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Forth in Praise

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The Forth in Praise Organists' Blog

The personal views of a Catholic parish organist

January 5, 2010

Getting rid of an old electronic piano

evelyn @ 4:14 pm

In my last post on electronic pianos, Electronic pianos are awful! I said I would offer suggestions for getting rid of them to those organists who are landed with one.   But first, a warning.

WARNING! If you are contemplating sabotaging an electronic piano, either subtly (with a screwdriver) or openly (with an axe), remember:

  • It is an electrical device and could kill you.
  • If you remain alive, you will be highly unpopular with priest and parish
  • Either way, the police will be involved.

End of warning.

There are two types of electronic pianos, old ones and new ones.  They are both equally horrible, but the new ones look better.  However, the old ones are easier to get rid of.

I can’t really give a precise definition of ‘old’ in relation to electronic pianos, but if it has been in the parish for yonks, and especially if it was bought second-hand or donated in the first place, it’s probably on its way out.  Technology has improved in the last 10 years or so with the introduction of sampled organ sound in these things as well as in real organs.  If the tiny little organ part of the piano sounds ‘electronic’ then the piano will certainly be old.  Even without that, the chances are good that parts will no longer be available.  Impress on the powers-that-be that the piano’s demise could be imminent.  Tell them this will be a wonderful opportunity to get a new sampled-sound electronic ORGAN, which will probably be less expensive than a new version of the piano.  Keep telling them this.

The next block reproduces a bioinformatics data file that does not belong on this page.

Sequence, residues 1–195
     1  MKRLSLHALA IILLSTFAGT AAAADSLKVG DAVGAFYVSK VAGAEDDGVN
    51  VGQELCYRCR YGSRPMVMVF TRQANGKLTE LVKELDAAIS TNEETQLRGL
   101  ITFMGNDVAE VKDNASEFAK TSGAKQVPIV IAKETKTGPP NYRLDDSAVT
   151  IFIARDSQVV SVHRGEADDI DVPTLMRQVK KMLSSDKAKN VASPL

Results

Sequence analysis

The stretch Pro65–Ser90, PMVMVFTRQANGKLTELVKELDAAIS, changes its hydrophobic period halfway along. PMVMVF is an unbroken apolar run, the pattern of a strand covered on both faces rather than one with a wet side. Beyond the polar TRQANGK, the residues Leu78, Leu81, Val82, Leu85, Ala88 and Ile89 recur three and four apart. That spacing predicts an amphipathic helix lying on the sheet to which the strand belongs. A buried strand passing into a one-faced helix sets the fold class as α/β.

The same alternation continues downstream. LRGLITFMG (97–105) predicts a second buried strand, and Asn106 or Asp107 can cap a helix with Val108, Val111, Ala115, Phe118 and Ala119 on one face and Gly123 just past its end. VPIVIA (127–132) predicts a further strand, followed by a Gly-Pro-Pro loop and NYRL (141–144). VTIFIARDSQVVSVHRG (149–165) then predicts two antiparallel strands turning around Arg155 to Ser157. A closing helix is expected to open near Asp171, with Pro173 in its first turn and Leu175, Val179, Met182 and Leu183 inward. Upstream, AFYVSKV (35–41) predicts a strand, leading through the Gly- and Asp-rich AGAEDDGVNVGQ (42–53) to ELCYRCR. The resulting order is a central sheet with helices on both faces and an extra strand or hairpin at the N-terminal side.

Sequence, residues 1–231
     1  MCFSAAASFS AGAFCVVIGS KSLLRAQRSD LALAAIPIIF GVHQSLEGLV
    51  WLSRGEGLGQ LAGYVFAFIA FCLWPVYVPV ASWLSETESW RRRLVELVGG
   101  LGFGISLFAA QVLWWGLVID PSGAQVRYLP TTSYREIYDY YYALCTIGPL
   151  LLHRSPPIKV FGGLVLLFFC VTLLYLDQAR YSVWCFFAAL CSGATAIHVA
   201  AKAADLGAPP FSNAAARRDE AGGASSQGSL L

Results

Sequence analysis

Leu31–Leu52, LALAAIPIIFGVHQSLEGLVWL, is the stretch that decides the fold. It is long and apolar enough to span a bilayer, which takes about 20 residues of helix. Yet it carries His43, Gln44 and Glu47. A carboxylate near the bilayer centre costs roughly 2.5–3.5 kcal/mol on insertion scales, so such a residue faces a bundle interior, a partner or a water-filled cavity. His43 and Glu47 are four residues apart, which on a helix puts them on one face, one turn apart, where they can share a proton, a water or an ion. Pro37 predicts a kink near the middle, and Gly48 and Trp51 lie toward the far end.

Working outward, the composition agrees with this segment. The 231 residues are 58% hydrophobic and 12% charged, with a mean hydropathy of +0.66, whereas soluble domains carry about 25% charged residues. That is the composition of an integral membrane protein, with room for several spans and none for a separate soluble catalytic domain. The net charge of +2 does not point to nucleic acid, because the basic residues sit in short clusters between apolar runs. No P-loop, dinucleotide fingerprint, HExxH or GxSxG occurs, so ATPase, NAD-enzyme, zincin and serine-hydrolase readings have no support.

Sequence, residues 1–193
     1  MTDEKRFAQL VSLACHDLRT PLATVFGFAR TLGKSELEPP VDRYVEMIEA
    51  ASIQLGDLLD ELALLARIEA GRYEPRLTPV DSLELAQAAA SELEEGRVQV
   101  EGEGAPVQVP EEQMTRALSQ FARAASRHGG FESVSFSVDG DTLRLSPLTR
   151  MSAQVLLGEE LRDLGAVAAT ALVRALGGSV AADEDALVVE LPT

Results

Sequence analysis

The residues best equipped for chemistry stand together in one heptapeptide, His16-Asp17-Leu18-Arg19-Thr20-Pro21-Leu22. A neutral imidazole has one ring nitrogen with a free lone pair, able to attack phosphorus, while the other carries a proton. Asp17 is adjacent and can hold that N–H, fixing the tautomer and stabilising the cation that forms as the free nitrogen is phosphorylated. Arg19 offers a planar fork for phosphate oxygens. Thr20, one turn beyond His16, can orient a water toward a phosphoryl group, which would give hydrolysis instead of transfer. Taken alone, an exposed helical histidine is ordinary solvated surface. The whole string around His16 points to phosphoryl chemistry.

Another and more serious issue is safety.  Potential danger is something I’ve experienced with elderly home organs rather than electronic pianos, but I would imagine aged pianos are just as susceptible. If an electronic instrument of any kind is crackling or making other strange noises, it might or might not be putting the player at risk.  Unless you’re a technician, you can’t tell.  An organist can quite legitimately refuse to play such an instrument – I certainly wouldn’t touch one – but I know that some organists have been putting up with the crackles and bangs, not realising what they might mean, and not telling the church.  Safety is the church’s responsibility, and if they know there’s a problem they will act.  And, with luck, your snap, crackle and pop will be replaced by a lovely new ORGAN.

In the next post we’ll look at a much bigger challenge: how to get rid of NEW electronic pianos.

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